Kids of a different stripe fight to preserve tigers

Siberians: Elementary schoolers learn all they can about the endangered species, in the hopes that their work with a group will make a difference.

January 24, 2001|By Cathi Higgins | Cathi Higgins,SPECIAL TO THE SUN

Every child at West Friendship Elementary School has a cat. Not a tabby, but a Siberian tiger - the world's largest cat.

When pupils learned from Principal Sandra McAmis at the beginning of the school year that these endangered tigers were losing their habitat and without intervention would become extinct, the pupils decided to adopt six Siberian tigers from the Save the Tiger Fund.

The school's mascot, Tuffy the Tiger, was also an inspiration. "We certainly are conservationists here at this school," McAmis said. "It is our mascot, and we think the work we do is valuable."

The Save the Tiger Fund is a project of the Hornocker Wildlife Institute in Idaho and is funded by Exxon Mobil Corp. Its goals include understanding how nature provides for the Siberian tiger, creating a conservation management plan and educating the public about the tiger's plight.

The children learned that poaching and the loss of habitat have reduced the number of tigers. "There are only [a few hundred] Siberian tigers left in the world," fifth-grader Ashley Link said. "It is sad to me - the tigers have a right to live as much as we do."

Each level, from kindergarten through fifth grade, has adopted a tiger. The children receive a picture and biography of their tiger, and educational materials.

They learn the tiger's name and receive newsletters to follow its progress year after year. In some cases, the adopted tiger "advances" annually with pupils, so a given group continues to sponsor the same tiger each year.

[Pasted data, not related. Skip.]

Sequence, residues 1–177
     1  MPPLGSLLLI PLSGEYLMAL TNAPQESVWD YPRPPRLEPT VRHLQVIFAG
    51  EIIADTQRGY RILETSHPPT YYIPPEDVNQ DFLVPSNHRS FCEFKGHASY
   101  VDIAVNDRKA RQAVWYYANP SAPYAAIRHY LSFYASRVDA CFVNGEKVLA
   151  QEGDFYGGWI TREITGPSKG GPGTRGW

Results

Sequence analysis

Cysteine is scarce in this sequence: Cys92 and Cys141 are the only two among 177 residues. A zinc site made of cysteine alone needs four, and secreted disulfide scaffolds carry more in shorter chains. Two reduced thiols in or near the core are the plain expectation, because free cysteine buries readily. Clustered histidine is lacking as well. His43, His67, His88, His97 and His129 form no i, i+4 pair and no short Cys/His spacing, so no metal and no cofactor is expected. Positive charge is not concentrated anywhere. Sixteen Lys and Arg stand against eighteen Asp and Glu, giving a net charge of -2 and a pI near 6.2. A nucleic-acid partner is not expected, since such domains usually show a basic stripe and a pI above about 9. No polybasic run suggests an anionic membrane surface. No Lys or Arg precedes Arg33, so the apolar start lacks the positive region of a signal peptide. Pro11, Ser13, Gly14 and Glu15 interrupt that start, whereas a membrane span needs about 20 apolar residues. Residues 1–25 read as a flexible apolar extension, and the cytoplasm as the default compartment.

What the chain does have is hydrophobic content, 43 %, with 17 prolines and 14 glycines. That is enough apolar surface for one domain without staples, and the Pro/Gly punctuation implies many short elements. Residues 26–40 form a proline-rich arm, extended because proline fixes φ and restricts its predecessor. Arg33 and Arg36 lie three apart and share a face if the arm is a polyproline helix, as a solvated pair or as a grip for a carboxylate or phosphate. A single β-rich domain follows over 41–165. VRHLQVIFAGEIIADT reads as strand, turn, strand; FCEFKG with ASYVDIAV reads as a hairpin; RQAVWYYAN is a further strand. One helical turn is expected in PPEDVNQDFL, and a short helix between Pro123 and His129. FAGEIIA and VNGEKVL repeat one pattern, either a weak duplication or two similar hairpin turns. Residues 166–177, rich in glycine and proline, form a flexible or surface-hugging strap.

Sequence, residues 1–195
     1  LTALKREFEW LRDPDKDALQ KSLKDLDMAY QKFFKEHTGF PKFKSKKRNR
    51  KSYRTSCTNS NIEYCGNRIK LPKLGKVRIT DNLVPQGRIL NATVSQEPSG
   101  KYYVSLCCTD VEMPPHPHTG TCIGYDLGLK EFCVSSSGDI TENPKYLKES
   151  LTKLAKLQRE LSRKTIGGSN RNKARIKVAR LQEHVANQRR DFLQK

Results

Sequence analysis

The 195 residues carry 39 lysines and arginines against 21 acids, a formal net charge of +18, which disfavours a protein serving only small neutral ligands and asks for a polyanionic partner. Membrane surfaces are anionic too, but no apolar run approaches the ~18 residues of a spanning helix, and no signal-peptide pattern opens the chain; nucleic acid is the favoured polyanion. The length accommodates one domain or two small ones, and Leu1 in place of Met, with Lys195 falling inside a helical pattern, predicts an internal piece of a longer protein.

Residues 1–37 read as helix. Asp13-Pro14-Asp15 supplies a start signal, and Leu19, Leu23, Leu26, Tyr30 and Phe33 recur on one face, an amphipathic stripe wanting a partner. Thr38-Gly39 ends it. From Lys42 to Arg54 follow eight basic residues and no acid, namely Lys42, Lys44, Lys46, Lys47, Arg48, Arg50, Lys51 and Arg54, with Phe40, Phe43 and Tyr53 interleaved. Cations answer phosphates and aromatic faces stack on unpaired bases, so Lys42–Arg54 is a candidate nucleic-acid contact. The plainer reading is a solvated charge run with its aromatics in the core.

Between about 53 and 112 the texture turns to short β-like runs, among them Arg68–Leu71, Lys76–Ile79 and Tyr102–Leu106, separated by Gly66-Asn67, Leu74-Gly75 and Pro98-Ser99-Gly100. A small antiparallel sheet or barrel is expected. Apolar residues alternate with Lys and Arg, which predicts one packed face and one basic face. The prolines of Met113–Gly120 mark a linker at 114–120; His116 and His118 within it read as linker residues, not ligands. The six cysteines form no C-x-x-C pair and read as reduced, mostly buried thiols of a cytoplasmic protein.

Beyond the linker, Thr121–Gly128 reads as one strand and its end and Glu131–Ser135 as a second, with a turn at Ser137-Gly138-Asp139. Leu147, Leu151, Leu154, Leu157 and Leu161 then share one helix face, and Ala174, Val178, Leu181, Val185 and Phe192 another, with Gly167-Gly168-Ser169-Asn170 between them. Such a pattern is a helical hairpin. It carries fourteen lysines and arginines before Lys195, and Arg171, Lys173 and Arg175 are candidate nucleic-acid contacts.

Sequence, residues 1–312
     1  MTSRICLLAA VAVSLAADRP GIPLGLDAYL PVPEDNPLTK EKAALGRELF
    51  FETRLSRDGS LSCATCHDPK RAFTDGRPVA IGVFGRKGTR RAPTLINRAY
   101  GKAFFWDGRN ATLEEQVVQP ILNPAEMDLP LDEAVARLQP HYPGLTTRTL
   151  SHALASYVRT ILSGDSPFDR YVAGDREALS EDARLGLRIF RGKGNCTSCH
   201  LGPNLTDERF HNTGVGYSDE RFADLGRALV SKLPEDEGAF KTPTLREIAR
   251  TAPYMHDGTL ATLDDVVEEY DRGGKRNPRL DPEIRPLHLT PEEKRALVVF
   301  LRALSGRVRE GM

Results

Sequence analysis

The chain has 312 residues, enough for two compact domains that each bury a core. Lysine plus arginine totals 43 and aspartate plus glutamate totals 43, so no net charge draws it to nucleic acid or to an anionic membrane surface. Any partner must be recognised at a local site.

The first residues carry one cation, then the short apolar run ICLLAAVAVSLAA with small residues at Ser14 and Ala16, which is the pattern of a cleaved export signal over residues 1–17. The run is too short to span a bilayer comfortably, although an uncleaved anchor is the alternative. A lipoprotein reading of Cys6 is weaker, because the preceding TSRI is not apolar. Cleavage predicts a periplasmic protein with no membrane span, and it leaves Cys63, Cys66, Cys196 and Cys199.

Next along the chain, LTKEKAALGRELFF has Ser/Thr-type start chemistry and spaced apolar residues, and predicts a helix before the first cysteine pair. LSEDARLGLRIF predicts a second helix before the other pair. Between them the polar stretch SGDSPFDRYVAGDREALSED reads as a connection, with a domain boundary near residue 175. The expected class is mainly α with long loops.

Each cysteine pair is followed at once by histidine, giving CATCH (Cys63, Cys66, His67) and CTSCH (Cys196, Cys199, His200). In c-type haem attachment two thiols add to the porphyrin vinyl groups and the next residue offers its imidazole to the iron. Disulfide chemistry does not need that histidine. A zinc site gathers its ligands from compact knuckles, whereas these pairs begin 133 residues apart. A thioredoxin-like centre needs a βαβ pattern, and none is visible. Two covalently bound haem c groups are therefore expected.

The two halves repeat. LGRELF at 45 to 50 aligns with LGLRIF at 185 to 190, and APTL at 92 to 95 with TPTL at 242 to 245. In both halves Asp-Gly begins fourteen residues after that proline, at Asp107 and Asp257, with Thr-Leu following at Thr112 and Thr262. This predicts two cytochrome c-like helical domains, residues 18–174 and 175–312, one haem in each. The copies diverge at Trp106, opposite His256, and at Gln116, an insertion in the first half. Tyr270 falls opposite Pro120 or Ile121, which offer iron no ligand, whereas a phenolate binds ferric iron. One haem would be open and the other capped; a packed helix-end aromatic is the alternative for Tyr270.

"Some of the tigers have had cubs, but some have died. We believe one tiger died when it fell through the ice," said Elsa Fawcett, a Gifted and Talented Program resource teacher. "Sadly, the children learn the realities of life - there's a beginning and an end."

The tiger lesson is an integral part of the children's day. In addition to pictures of Tuffy, the walls are covered with colorful paw prints, and the bulletin board features pictures of Yuri, Tonya, Misha, Ludmilla, Olga and her son Sosha - their adopted tigers.

Also, the grades are divided into tiger pods.

Third-graders are in the Bengal pod, first-graders in the Saber Tooth pod, and kindergartners in the Cubs pod.

A core group of children works on this project during the school year and provides updates on all of the tigers. Any child in second through fifth grade is eligible to volunteer.

The group meets with Fawcett and art teacher Cheryl Teter every week to develop ways to communicate information to other classmates. They are working on a puppet show for the younger grades, and are making tiger puppets and writing a script.

"If kids learn and see what is happening, maybe they will put an effort into helping," fourth-grader Chloe Meade said. She added that they are "educating people in a fun way."

Giving to others is an important part of the school program at West Friendship."`Philanthropic,'" Fawcett said, "is one of the words the children have to know."

Pupils also have made donations to the Johns Hopkins Children's Center, American Heart Association and North Carolina flood victims.

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